Precursors to Paul's "righteousness" language

Paul’s uses of the δικ- word group is ultimately founded in the Hebrew root צדק, which is capable of a wide range of meanings. Although somewhat reductionistic, it is helpful to see the root as connoting “conformity to an ethical or moral standard.”[1] This is confirmed by comparison to related roots in cognate languages: “the term appears to be used to refer to right comportment: status or behavior in accord with some implied standard.”[2] The root exists in multiple forms which show a great deal of overlap; evidence shows that the verb and noun forms are used somewhat interchangeably.[3] The verb form has a range of meanings depending upon the stem; it can mean “to be right/just,” “to declare right,” or “to vindicate,” among others. The related nouns exhibit similar semantic flexibility; they can refer to God’s righteous character, the righteous action of a judge, or loyalty and honesty within the context of a community.[4] In sum, the concept of צדק undergirds much of the OT thought on how God and humanity relates:

The ṣedeq-ṣĕdāqâ of the community and the individual is comportment according to God’s order in every area of life, in just and proper social order (justice to the helpless, the poor, the oppressed, the widow, the orphan, the resident alien), in legal procedure, in the ritual of worship, all effected by God’s ṣedeq-ṣĕdāqâ.[5]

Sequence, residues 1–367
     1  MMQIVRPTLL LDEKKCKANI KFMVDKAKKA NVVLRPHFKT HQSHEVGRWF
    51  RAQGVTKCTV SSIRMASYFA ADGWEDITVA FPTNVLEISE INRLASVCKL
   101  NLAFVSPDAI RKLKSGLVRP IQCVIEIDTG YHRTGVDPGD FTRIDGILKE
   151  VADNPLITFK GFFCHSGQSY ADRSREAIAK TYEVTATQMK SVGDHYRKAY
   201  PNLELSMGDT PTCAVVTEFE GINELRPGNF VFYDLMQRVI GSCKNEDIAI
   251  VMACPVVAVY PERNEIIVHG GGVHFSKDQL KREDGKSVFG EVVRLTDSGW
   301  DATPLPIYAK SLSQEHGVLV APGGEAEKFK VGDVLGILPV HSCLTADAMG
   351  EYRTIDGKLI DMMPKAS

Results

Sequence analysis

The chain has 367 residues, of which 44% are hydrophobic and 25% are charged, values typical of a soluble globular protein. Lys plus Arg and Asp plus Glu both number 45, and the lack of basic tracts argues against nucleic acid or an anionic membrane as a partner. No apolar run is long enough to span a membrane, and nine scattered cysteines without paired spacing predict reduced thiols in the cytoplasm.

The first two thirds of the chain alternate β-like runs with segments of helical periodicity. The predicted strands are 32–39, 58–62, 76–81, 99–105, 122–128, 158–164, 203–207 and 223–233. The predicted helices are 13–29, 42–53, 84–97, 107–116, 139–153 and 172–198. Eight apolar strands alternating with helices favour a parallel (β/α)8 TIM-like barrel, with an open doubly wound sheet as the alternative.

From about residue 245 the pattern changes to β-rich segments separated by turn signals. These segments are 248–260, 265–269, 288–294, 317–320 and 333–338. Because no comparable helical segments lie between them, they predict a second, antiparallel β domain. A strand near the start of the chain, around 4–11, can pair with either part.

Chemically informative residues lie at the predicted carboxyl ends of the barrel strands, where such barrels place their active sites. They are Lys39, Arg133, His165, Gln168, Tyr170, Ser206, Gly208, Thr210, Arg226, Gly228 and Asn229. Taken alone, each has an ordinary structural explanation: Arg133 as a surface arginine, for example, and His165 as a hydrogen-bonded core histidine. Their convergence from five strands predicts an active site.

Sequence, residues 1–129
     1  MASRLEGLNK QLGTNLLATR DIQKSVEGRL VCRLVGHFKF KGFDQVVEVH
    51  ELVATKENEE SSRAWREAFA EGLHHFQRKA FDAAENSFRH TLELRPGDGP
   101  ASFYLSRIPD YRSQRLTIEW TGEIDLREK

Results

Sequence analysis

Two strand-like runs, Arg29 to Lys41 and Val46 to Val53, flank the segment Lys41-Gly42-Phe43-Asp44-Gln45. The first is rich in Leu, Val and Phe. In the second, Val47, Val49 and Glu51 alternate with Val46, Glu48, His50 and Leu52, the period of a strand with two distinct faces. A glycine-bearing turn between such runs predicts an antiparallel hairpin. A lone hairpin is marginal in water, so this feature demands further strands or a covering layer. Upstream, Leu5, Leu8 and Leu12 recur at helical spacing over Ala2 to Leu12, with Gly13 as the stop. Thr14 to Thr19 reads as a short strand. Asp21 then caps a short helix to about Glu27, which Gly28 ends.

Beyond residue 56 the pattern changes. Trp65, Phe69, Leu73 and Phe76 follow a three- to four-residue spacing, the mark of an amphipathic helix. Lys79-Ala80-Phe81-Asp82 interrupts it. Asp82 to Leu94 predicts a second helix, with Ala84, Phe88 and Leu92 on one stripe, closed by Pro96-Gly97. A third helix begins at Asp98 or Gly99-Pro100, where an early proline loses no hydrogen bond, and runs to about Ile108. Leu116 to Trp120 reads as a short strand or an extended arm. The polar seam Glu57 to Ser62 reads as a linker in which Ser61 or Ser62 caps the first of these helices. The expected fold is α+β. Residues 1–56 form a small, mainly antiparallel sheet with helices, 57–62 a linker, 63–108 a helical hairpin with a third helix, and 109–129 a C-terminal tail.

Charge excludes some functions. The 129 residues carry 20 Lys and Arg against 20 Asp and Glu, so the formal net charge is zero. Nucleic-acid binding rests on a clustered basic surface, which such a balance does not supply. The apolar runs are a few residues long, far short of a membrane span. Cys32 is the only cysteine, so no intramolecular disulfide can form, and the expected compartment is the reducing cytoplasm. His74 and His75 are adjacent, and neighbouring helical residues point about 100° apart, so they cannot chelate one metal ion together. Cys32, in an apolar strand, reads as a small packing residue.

It is during the Second Temple period that the δικ- word group becomes strongly associated with the Hebrew root צדק. There is a natural semantic overlap between the terms, and the LXX creates a strong connection between the two in translation (for example, the noun form צְדָקָה occurs 159 times in the Hebrew MT; this is translated by the Greek term δικαιοσύνη 135 times); consequently there is a strong link theologically. The difference is that the δικ- word group had a stronger emphasis upon legal and forensic denotations,[6] while the Hebrew use of the צדק word group emphasized covenantal relationships more prominently. This stronger emphasis upon the legal connotations carries into the NT as well,[7] but the moral aspect is not absent. In short, the צדק and δικ- word groups can be used quite broadly to refer to a wide range of human experience under the rubrics of covenant, conformity, and legal standards.

  1. TWOT 2:752.  ↩

  2. NIDOTTE 3:746.  ↩

  3. Ibid.  ↩

  4. See the entries for צֶדֶק and צְדָקָה in HALOT 1004–1007; BDB 841–842.  ↩

  5. J. J. Scullion, “Righteousness: Old Testament,” ABD 5:736.  ↩

  6. See John Reumann, “Righteousness: Early Judaism,” ABD 5:737.  ↩

  7. See entries on δικαιοσύνη and δικαιόω in BDAG 247–249 as examples.  ↩